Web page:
Personally I thought it was hilarious, but then I've been absorbing Japanese comedy for a few years now. Sure it picks on a stereotype, but I think Rupert Wingfield Hayes' analysis on this is pretty much on the mark*.
What annoys me more than anything is the reflex RACISM! reaction that lead to the advert getting pulled.
I'm not sure where the apparent outcry originated, but by the gods I hope it wasn't foreigners. Why? Because it does foreigners much more harm to the reputation of Westerners to complain about the advert's racism than this advert itself does.
In case you don't follow my logic here, remember what happened to all the foreigners when Fukushima underwent meltdown? About 500,000 of them smegged off, and as a result, the term "flyjin" was coined. Yes, that's even more derogatory than the advert, and twice as funny, in my opinion.
The point is, every time a kneejerk reaction like this occurs, it will make us foreigners look like complete pansies. As I commented on that article (see the link. Let's see if it passes moderation! **):
The cry for racism at every conceivable opportunity paints us increasingly as childish. Respect is earned by your actions, when one's notable actions consist primarily of such demands for respect, it to an extent undermines the other favourable attributes one might have.
Finally, A non-racism argument for you: If you had to employ someone, would you choose the one that was defensive when you accidentally laughed at a mistake on their CV, or the one who laughed with you?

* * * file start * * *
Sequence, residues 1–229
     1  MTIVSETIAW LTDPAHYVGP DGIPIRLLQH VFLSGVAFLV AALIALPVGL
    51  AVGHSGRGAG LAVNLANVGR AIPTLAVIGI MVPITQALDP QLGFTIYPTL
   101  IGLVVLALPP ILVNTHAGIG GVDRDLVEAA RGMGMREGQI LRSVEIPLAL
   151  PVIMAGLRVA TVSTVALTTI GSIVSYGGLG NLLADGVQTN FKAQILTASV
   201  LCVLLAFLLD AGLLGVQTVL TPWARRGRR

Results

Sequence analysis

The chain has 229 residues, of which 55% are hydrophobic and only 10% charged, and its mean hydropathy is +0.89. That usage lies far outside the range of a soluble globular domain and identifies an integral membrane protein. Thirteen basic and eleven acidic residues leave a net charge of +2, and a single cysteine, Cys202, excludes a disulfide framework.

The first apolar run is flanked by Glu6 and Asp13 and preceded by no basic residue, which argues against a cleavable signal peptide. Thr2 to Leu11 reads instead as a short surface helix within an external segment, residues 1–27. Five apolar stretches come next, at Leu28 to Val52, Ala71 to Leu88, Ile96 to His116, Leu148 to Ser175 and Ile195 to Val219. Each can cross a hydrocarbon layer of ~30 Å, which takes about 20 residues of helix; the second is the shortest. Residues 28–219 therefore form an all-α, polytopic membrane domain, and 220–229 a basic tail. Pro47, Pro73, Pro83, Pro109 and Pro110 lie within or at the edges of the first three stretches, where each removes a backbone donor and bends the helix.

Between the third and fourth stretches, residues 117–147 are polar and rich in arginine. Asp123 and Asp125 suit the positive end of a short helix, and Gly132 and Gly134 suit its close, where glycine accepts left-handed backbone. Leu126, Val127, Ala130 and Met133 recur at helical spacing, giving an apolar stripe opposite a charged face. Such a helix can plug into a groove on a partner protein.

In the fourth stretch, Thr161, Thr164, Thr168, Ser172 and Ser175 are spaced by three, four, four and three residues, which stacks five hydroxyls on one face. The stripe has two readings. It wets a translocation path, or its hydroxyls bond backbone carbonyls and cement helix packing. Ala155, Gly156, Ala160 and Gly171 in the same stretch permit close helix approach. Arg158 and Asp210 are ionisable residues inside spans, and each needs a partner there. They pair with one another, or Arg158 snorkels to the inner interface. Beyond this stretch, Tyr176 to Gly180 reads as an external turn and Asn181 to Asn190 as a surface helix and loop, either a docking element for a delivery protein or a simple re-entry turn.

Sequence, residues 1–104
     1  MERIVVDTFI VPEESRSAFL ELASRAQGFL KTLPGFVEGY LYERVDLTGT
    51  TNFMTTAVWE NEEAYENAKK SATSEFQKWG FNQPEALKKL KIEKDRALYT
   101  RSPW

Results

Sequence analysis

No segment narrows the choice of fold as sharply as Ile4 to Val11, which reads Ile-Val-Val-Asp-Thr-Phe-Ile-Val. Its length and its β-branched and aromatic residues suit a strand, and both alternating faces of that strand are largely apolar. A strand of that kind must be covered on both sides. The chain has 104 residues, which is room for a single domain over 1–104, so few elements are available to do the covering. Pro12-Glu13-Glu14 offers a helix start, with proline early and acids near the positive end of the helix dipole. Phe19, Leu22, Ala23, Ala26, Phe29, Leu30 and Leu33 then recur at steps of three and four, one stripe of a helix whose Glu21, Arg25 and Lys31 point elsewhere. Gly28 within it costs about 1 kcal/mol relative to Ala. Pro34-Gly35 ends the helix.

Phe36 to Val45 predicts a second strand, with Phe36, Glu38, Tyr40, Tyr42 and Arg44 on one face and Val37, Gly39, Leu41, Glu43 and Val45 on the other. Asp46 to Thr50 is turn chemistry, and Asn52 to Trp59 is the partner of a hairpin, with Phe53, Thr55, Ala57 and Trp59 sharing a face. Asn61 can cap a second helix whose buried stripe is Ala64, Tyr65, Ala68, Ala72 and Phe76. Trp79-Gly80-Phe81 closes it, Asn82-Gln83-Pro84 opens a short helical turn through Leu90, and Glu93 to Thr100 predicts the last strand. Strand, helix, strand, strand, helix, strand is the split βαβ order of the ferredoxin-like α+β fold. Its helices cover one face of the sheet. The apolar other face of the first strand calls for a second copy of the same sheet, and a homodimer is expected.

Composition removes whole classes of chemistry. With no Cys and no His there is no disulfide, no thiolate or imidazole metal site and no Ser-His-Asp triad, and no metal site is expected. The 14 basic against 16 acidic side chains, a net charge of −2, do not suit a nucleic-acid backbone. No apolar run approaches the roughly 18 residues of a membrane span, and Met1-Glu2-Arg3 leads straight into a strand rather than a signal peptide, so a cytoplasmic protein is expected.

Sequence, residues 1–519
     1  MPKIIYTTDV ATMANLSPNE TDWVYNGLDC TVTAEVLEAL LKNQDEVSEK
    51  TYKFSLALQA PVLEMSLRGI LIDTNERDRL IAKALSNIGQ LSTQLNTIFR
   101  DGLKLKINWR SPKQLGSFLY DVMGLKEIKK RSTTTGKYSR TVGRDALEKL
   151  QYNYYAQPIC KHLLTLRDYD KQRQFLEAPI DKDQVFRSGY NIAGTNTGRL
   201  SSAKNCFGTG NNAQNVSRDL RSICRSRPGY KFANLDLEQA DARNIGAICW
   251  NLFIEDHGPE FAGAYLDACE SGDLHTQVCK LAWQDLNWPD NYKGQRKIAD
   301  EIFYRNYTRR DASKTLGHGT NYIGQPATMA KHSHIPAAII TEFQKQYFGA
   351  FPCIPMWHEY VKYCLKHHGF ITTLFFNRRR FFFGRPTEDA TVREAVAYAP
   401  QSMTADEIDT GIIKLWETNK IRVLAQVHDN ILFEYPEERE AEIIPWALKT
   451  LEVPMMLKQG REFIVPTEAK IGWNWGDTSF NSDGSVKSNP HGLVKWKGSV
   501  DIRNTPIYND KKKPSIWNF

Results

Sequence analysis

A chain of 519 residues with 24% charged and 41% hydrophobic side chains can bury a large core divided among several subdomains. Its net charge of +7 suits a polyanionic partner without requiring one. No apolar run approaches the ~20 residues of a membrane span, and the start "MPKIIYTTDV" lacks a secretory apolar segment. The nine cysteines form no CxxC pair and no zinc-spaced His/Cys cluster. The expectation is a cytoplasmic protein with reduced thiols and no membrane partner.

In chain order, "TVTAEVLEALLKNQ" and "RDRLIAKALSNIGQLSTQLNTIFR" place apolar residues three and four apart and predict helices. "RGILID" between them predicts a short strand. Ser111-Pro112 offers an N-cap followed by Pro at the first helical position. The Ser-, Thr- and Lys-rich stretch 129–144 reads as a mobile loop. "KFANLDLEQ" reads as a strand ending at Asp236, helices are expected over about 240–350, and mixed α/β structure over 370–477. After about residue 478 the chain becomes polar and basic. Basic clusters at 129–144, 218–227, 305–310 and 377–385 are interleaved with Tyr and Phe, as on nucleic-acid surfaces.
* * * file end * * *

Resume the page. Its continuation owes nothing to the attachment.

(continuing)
In other words, if one's default position is to complain about racism in this way then it is closed minded: insofar as having a default position is closed minded. The open-minded stance is to try and understand the person stood opposite you, and work on what we have in common. You can have virtues such as justice, but equally when your sense of justice is causing you pain, is this indicative of injustice, or of a flaw in your sense of justice? Since laws change between countries, we can assume that justice (to some extent) is different between people. I'll leave that as a thought exercise for the reader ***.
Anyway, foreigners say worse things about themselves, and being big-nosed and blonde-haired actually puts you at the nice end of Japanese racism which is actually probably more fun than living in Japan as a Japanese (but I evidently have little experience in that area).
Finally, and more seriously, there are far, far worse aspects of Japanese media**** we could be picking on, like the biassed reporting of the war, or appeasement of far-right stances.
*For those too lazy to click the link (or if it dies), Mr Hayes reminds us that in Japan, blonde hair and a big nose aren't traits that are looked down upon. I would add that I'm not so sure when it comes to nose size... I never heard of a Japanese person getting a nose-job to look more Western.. But blonde hair is something commonly praised over here.
**To be honest, given the awful puntuation, I've half a mind to ask they delete it anyway, haw haw haw
*** all 2 of them, lol, though I think they are both clever enough to work out where I was going with this
****e.g. the insistence on popularising the band AKB48, even though everyone knows it causes bleeding in the ears of humans and other intelligent animals.